The COVID HOME study
That prospective longitudinal COVID HOME study, which assessed long-term symptoms in people who were never hospitalized for COVID, was presented online by Adriana Tami, MD, PhD, from the University Medical Center Groningen (the Netherlands).
The researchers visited the homes of patients to collect data, blood samples, and perform polymerase chain reaction (PCR) testing 1, 2, and 3 weeks after a diagnosis of COVID-19. If their PCR test was still positive, testing continued until week 6 or a negative test. In addition, participants completed questionnaires at week 2 and at months 3, 6 and 12 to assess fatigue, quality of life, and symptoms of depression and anxiety.
Three-month follow-up data were available for 134 of the 276 people initially enrolled in the study. Questionnaires were completed by 85 participants at 3 months, 62 participants at 6 months, and 10 participants at 12 months.
At least 40% of participants reported long-lasting symptoms at some point during follow-up, and at least 30% said they didn’t feel fully recovered at 12 months. The most common symptom was persistent fatigue, reported at 3, 6, and 12 months by at least 44% of participants. Other common symptoms – reported by at least 20% of respondents at 3, 6, and 12 months – were headache, mental or neurologic symptoms, and sleep disorders, shortness of breath, lack of smell or taste, and severe fatigue.
“We have a high proportion of nonhospitalized individuals who suffer from long COVID after more than 12 months,” Dr. Tami concluded, adding that the study is ongoing. “We have other variables that we want to look at, including duration viral shedding and serological results and variants.”
“These cohort studies are very helpful, but they can lead to inaccurate conclusions,” Dr. Terndrup cautioned.
They only provide pieces of the big picture, but they “do add to a growing body of knowledge about a significant portion of COVID patients still struggling with symptoms long after their initial infection. The symptoms can be quite variable but are dominated by both physical and mental fatigue, and tend to be worse in patients who were sicker at initial infection,” he said in an interview.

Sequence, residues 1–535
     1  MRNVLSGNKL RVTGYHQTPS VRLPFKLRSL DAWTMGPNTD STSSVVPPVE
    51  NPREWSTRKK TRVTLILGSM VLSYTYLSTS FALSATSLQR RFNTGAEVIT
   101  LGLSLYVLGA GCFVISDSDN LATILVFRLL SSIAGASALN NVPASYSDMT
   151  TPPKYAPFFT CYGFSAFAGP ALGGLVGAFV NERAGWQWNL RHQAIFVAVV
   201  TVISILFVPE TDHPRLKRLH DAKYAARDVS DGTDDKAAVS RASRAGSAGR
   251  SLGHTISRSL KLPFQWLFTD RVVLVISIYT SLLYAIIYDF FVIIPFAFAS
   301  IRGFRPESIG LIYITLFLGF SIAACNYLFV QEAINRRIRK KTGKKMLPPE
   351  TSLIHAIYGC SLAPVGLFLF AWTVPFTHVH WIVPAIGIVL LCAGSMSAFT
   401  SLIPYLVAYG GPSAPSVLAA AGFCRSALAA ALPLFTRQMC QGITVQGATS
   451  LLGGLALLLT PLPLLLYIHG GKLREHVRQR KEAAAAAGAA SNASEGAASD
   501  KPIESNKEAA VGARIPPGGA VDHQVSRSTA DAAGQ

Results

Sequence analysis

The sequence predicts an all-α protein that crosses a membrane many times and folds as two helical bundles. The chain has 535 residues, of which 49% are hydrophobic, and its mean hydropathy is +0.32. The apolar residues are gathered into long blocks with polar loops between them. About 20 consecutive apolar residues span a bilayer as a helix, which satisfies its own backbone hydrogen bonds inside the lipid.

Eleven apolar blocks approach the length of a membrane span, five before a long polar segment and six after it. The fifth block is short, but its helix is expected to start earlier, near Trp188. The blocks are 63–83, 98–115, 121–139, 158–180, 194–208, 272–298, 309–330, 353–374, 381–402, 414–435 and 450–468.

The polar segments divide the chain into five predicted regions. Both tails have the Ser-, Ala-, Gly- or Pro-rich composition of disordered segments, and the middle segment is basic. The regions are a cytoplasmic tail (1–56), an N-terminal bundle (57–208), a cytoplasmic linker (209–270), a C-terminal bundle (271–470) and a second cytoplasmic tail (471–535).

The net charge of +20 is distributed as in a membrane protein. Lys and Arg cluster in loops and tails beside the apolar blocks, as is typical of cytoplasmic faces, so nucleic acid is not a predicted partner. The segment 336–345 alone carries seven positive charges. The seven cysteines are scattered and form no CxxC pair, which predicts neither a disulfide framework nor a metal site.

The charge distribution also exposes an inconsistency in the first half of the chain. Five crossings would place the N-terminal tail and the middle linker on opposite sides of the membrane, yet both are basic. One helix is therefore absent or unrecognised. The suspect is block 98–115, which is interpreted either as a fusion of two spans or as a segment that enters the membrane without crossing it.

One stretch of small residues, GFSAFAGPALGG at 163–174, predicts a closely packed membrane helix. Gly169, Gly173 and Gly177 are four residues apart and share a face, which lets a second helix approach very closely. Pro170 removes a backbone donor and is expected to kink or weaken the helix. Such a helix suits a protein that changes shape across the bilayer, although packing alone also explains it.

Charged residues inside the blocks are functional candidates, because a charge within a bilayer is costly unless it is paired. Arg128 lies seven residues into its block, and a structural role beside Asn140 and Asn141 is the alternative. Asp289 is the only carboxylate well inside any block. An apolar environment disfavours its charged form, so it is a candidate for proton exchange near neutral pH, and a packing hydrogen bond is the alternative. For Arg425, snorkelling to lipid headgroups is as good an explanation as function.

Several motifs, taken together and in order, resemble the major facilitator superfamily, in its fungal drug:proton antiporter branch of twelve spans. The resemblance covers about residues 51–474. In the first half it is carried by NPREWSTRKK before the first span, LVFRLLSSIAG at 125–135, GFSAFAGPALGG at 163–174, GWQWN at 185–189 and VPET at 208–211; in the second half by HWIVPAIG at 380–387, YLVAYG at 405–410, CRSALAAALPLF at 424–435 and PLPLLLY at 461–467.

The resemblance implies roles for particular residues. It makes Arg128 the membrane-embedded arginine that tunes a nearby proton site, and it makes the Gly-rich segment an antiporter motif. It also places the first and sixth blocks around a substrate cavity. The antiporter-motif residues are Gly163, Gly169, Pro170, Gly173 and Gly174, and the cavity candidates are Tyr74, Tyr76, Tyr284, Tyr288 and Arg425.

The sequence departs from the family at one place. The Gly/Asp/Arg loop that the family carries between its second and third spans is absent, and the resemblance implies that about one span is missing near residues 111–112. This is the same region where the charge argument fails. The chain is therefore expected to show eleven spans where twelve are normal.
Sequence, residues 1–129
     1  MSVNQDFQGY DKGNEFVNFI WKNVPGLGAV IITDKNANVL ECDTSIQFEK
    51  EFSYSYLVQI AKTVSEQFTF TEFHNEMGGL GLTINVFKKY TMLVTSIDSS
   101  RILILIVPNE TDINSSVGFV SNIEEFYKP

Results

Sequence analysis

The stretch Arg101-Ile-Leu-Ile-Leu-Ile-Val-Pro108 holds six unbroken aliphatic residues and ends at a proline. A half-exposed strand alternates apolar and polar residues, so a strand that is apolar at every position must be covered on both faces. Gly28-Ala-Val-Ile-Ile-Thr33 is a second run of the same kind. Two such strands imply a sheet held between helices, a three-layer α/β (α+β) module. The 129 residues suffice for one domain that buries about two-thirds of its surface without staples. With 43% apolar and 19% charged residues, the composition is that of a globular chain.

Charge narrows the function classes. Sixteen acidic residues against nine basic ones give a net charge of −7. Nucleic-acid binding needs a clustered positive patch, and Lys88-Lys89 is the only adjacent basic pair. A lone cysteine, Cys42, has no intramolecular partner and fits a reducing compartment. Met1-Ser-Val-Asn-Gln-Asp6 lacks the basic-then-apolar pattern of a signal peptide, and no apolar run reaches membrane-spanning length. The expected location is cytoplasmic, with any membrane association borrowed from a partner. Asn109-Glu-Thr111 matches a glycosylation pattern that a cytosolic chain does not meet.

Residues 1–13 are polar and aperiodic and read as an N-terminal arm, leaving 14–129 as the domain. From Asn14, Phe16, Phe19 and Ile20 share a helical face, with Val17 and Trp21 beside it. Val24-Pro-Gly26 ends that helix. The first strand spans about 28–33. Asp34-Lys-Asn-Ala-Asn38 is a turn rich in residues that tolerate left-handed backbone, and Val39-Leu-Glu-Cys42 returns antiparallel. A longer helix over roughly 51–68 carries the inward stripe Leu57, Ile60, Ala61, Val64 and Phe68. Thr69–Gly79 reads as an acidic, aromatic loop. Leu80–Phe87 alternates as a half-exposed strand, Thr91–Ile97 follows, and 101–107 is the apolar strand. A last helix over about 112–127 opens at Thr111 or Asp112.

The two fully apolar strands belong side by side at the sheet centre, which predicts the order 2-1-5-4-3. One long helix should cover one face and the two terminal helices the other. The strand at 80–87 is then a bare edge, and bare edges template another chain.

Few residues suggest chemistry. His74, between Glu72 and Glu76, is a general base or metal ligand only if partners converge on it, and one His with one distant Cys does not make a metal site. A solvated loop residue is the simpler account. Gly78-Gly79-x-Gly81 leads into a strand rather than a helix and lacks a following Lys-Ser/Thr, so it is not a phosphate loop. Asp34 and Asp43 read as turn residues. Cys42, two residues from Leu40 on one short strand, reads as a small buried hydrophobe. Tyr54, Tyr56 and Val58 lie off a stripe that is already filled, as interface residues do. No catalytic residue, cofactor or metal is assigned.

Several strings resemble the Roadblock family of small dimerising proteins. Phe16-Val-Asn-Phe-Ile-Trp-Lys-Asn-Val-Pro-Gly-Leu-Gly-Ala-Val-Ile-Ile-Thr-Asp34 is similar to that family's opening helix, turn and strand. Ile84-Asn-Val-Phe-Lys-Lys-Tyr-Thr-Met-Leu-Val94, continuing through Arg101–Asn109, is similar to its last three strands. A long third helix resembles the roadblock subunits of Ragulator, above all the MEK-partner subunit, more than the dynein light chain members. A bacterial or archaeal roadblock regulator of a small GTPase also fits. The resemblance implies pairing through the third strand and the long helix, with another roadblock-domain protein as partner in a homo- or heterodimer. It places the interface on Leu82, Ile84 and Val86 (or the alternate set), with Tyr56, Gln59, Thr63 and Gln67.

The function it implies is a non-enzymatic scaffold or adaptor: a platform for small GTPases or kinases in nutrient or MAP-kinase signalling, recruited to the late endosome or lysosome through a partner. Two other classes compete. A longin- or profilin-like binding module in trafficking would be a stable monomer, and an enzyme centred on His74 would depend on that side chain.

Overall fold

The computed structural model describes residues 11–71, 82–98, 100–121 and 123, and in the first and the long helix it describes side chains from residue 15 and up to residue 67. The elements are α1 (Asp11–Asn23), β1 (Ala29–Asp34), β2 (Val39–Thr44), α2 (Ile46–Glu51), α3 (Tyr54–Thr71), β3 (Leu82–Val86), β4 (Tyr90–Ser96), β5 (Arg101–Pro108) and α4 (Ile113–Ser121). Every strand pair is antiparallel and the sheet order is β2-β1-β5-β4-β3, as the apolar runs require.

As a whole, these studies reinforce the need for treatment programs to help patients who suffer from long COVID, he added, but “I advise caution to folks suffering out there who seek ‘miracle cures’; across the world, we are collaborating to find solutions that are safe and effective.”
We are in desperate need of an equity lens in these studies.
“There is still a great deal to learn about long COVID,” said Dr. Terndrup. Data on underrepresented populations – such as Black, Indigenous, and people of color – are lacking from these and others studies, he explained. “We are in desperate need of an equity lens in these studies,” particularly in the United States, where there are “significant disparities” in the treatment of different populations.
However, “I do hope that this work can lead to a better understanding of how other viral infections can cause long-lasting symptoms,” said Dr. Terndrup.
“We have long proposed that after acute presentation, some microbes can cause chronic symptoms, like fatigue and widespread pain. Perhaps we can learn how to better care for these patients after learning from COVID’s significant impact on our societies across the globe.”
Dr. Aranda and Dr. Desgranges have disclosed no relevant financial relationships or study funding. The study by Dr. Tami’s team was funded by the University Medical Center Groningen Organization for Health Research and Development, and Connecting European Cohorts to Increase Common and Effective Response to SARS-CoV-2 Pandemic. Dr. Terndrup disclosed no relevant financial relationships.
A version of this article first appeared on.